Korea doled out more than $1.74 billion in official development assistance in 2013, up about 9.2 percent from a year before, as the world’s 16th largest donor country, the Prime Minister’s Secretariat said Wednesday.
Seoul spent $1.3 billion in bilateral aid, consisting of $800 million in grants and $500 million in low-interest loans, and $450 million in multilateral projects run by international organizations.
Despite the increase, the sum represents a paltry 0.13 percent of gross national income, far lower than the 0.3 percent average of the 28 member countries of the Organization for Economic Cooperation and Development’s Development Assistance Committee, a club of the world’s major patrons of poor countries.
“We maintained our policy of expanding ODA, whereas a sizeable number of countries were scaling down amid the global economic downturn and their resulting financial difficulties,” the secretariat said in a statement.
“We will make consistent efforts to increase our assistance and its effect.”
By region, nearly 56 percent of bilateral support went to Asia, followed by Africa with 21.3 percent, Latin America with 7.4 percent and the Middle East with 3.1 percent.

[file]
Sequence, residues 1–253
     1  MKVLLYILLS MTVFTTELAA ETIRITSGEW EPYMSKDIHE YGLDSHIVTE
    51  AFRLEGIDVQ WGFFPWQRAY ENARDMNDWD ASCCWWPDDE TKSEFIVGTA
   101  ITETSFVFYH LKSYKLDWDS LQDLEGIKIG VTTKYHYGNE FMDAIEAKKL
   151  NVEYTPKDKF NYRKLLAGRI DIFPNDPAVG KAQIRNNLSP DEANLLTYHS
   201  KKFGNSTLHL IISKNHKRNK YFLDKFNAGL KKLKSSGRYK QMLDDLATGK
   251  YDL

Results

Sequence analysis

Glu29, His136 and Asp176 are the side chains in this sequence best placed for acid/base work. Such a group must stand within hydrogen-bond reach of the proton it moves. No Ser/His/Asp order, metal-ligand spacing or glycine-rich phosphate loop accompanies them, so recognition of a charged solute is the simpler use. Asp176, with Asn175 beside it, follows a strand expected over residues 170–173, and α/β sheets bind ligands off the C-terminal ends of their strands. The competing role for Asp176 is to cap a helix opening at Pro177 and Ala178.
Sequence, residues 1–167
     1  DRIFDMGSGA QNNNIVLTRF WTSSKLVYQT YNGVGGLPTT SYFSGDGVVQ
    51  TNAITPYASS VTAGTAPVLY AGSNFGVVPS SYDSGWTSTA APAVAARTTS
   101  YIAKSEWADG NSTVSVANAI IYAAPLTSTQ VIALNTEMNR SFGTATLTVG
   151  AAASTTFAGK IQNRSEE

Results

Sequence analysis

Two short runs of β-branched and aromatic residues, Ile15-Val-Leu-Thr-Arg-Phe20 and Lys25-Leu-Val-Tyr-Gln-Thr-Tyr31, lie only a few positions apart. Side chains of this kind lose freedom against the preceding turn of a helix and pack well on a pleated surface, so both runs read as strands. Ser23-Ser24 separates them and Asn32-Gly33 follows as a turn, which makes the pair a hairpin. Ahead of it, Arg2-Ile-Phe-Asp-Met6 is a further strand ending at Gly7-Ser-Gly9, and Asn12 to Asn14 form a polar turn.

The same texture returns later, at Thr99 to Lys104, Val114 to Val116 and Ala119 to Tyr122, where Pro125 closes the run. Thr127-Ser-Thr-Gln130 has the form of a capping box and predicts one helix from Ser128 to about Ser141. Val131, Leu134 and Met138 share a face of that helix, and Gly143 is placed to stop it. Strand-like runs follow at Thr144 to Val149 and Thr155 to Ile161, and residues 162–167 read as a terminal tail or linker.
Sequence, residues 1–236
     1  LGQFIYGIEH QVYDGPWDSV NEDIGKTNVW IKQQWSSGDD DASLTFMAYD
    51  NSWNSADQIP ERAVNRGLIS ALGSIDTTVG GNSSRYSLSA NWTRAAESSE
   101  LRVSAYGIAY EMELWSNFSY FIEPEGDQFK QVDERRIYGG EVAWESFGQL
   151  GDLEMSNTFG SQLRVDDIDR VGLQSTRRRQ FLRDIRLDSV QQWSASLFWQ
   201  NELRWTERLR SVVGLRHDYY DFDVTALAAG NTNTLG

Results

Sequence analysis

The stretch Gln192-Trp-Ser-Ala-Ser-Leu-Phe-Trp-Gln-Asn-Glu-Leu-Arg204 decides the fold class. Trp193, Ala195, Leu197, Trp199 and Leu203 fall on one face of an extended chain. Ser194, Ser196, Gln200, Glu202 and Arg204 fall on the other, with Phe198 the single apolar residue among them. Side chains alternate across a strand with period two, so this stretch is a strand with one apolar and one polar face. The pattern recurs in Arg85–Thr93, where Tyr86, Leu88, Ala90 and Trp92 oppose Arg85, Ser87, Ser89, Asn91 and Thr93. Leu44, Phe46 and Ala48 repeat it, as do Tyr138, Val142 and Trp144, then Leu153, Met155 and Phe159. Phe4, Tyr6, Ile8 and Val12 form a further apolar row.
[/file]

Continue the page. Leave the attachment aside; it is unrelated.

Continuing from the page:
The disbursements chiefly funded transportation, logistics and other infrastructure construction, as well as education and health programs in developing countries.
The Paris-based group said its collective aid hit a record high of $134.8 billion last year, though Europe’s commitments remained sluggish in the face of economic doldrums.
Of the 28 members, 17 raised contributions, while 11 trimmed down.
The U.S. was the biggest ODA provider, giving more than $31.5 billion alone last year. The U.K. came second with $17.9 billion, followed by Germany with $14.1 billion, Japan with $11.8 billion and France with $11.4 billion.
Seoul joined the DAC in 2010, marking its ascent from a major aid recipient to the world’s 16th biggest donor in a few decades.
But specialists and relief workers have been calling for greater commitment, a larger skilled workforce and long-term strategies focusing on grants rather than loans, while expressing concern over persistent tension between the responsible state agencies and their conflicting plans.
The government recently revised down its 2015 target of hiking the ODA-to-GNI ratio to 0.25 percent to 0.2 percent, blaming snowballing welfare outlays and shriveling tax revenues.
By Shin Hyon-hee (firstname.lastname@example.org)